Bosch, which is one of the leading companies in the automotive aftermarket sector, has awarded for the third year a series of grants for energy research. The outlay for the grants comes to a total of USD 1.7 million and the company had also provided sponsorship for 15 interns focusing on the field of energy for the year 2015-’16. In 2015, after a rigorous selection process, the Bosch Energy Research Network (BERN) had provided six seed-funding grants to faculty involved in research at five top U.S. universities. These grants highlight Bosch’s long-term focus on energy-efficient technologies, and its support for the top universities in the United States.
The Bosch Energy Research Network is one of the company’s initiatives in the United States for collaborative research into transformational energy technologies. The initiative is funded by the global Bosch InterCampus Program, through which the German technological powerhouse has been extending support to universities and research projects exploring energy, mobility and the environment from 2011. It is the company’s objective to invest about 50 million euros or USD 55.3 million to support such research programs in China, India, Germany and the United States by 2021.
In the United States, more than USD 10 million has been allocated between 2011 and 2017 to support energy research projects at the top universities which are involved in energy research. The amount has been disbursed to fund more 25 such projects that aim to develop transformative energy technologies for series production.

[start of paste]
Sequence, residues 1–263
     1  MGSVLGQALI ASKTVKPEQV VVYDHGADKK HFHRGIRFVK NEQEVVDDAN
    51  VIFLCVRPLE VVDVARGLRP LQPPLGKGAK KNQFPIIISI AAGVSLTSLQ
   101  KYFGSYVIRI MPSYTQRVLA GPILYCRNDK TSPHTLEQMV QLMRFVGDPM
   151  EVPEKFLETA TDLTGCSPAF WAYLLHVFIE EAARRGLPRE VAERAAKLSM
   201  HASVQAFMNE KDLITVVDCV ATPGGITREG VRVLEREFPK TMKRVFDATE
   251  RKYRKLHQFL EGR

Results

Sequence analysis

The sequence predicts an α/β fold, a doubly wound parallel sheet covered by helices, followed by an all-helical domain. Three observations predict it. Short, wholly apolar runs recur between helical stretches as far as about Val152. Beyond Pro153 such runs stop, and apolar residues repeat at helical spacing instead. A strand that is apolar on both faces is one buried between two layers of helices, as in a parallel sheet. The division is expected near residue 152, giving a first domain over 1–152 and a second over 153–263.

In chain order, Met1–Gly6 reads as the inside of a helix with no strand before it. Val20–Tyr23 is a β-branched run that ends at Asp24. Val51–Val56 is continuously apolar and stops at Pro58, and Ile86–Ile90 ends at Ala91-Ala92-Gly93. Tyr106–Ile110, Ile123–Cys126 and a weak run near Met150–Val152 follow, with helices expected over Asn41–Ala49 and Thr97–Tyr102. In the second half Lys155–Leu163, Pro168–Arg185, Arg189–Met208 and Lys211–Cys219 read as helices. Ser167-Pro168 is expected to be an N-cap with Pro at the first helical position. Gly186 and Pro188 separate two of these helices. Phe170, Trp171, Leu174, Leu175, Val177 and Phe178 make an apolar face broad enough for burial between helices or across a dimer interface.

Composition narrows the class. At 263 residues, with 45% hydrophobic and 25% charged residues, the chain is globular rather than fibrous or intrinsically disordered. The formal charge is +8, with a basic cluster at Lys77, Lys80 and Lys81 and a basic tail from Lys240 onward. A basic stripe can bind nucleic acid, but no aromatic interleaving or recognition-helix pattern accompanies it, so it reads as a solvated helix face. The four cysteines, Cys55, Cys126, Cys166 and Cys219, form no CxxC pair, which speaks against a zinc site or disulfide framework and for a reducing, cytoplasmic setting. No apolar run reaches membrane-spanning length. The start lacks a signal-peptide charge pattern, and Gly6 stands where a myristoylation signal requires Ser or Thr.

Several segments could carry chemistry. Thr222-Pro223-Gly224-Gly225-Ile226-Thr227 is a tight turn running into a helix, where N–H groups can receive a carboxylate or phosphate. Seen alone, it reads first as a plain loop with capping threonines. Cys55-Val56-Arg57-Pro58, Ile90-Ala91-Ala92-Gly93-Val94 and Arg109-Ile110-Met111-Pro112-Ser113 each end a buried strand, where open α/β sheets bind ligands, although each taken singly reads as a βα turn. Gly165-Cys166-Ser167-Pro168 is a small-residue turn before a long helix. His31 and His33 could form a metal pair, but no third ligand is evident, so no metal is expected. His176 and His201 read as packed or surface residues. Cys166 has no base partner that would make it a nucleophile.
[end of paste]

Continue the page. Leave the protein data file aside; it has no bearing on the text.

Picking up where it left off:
BERN invited proposals from six institutions including Carnegie Mellon University, Massachusetts Institute of Technology, California Institute of Technology, the University of California at Berkeley, Stanford University and the University of Michigan.
The competitive grant selection process involved two stages and six proposals covering energy conversion, combustion, energy storage and energy usage efficiency/smart grid made it to the final stage. These six proposals will receive two-year grants of up to USD 150,000 per year. The selected proposals were:
Hamid Moaref has always been fascinated by cars and the automotive industry. His family has a longstanding association with the industry and has been in the tire business for the past 35 years. Raised in Dubai, Hamid attended Capilano University in Vancouver where he graduated with a BBA in marketing before attending an intensive course in magazine publishing in 2005. He has been the publisher and chief editor of Tires & Parts magazine for the past ten years.
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